🌟 Top Tip Number 6: Do not work for free, ever. Don’t barter, pimp yourself out or sell your soul to the devil no matter how hard it gets. The minute you start doing this, you undervalue yourself, your skill set and everyone else trying to make a decent living from freelancing. If there’s a problem getting clients, I’d wager it’s not price holding them back…
🌟 Top Tip Number 7: Distinguish yourself from your competition; keep an eye on them but don’t emulate them. While imitation can be flattering, in business, it is just plain rude to copy.
🌟 Top Tip Number 8: Get to grips with the legals, finances and marketing on day one, particularly cashflow forecasting, insurances and GDPR.
🌟 Top Tip Number 9: Find a mentor that has been there and done it successfully for years (and years, and years, and years!). Momentary success is easy, sustaining a profitable, fulfilling business in the long-term is the real artform. Plus, try not to take business advice from your mum, partner, best friend etc unless they really are an accomplished business owner themselves.
🌟 Top Tip Number 10: Don’t have a plan B. Go all in like your life depends on it. If you have a plan B, you’ll waste valuable time thinking and planning for that and inevitably, your plan B will become Your Plan.
You know what, I could keep writing… There’s so much to say about how to manage your own mental health and keep a positive mindset as a freelancer. There are whole blogs I could write about how a successful freelancer must transition from an employee mindset to a business owner’s one.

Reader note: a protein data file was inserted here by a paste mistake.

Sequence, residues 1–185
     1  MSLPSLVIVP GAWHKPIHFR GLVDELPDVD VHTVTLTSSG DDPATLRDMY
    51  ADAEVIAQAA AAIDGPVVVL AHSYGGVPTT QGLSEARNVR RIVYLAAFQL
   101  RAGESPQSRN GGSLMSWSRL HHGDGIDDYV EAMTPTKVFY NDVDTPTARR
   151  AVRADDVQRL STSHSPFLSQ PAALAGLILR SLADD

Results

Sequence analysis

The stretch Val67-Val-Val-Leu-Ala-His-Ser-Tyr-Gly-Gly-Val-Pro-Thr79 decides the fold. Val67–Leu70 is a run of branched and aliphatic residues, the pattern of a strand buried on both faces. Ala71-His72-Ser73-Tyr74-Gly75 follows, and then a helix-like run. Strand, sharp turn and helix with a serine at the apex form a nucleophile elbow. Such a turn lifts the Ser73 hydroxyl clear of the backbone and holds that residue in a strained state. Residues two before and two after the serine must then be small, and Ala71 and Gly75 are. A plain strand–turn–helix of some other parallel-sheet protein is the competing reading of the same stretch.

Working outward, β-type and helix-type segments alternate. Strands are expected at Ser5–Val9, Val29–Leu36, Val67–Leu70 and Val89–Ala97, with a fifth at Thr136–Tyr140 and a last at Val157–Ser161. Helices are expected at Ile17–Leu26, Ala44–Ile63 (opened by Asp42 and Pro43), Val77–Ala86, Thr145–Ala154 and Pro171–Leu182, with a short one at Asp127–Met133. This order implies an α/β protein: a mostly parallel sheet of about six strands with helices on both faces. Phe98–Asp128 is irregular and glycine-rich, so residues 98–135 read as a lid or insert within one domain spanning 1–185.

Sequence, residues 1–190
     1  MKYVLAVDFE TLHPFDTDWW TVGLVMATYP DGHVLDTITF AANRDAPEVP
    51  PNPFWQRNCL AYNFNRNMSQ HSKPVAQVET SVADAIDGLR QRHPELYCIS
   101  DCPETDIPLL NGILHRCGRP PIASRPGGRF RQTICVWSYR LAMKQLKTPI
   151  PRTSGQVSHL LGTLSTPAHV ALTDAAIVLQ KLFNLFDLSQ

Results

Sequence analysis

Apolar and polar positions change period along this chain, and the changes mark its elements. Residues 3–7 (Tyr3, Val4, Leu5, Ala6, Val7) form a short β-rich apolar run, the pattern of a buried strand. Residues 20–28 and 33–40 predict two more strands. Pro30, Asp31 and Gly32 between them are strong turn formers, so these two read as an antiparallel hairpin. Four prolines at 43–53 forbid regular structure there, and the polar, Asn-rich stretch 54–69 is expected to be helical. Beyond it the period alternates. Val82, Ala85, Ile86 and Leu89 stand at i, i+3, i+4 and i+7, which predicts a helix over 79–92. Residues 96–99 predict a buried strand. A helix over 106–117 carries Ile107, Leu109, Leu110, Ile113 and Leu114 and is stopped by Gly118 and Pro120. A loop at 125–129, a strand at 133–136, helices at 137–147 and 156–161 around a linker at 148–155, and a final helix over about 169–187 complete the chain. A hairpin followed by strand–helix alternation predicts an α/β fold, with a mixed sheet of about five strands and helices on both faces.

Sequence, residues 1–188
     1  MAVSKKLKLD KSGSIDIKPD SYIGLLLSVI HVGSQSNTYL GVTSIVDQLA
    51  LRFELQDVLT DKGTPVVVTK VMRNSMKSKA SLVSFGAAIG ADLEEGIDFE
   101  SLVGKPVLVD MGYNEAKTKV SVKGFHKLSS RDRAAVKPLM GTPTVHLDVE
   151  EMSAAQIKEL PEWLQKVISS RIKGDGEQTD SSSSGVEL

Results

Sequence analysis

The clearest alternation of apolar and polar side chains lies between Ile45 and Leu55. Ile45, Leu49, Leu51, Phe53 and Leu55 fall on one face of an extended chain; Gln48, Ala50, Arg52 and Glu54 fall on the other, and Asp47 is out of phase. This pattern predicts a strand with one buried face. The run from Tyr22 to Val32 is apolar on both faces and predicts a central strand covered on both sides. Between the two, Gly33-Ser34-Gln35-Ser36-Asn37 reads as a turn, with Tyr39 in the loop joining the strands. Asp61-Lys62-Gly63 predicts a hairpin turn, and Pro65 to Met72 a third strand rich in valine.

Anybody who knows me well will know that one of my favourite words in the whole world is CONSISTENCY. I genuinely believe that my ability to remain consistent with clients, my business and the external world has been pivotal to my success.
There are so many more lessons I could share. I’m truly passionate about helping skilled individuals create rewarding and sustainable businesses as freelance PAs. That’s my role at The Passionate PA; franchisor, mentor, marketeer, rainmaker, a shoulder to cry on… a problem shared and all that! With my franchisees, I go through it all with them, right by their side and make sure they don’t fall over at any of the hurdles. If you are thinking about becoming a freelance PA and would love the support on offer here, book a call today.
If what you’ve read here has spurred you on to go it alone as a freelancer with your unique skills, then awesome! I wish you all the luck in the world for the next chapter of your career. Keep positive and remain consistent.
Kate Chastey is ‘chief’ Passionate PA; a truly experienced and successful freelancer. Having run The Passionate PA since 2010 and been through all the highs and lows, it’s fair to say there’s not much she doesn’t know about building a small business in the UK. She is also franchisor of The Passionate PA brand. More information about Kate can be found here, or joining our franchise, here.
Further blogs from The Passionate PA: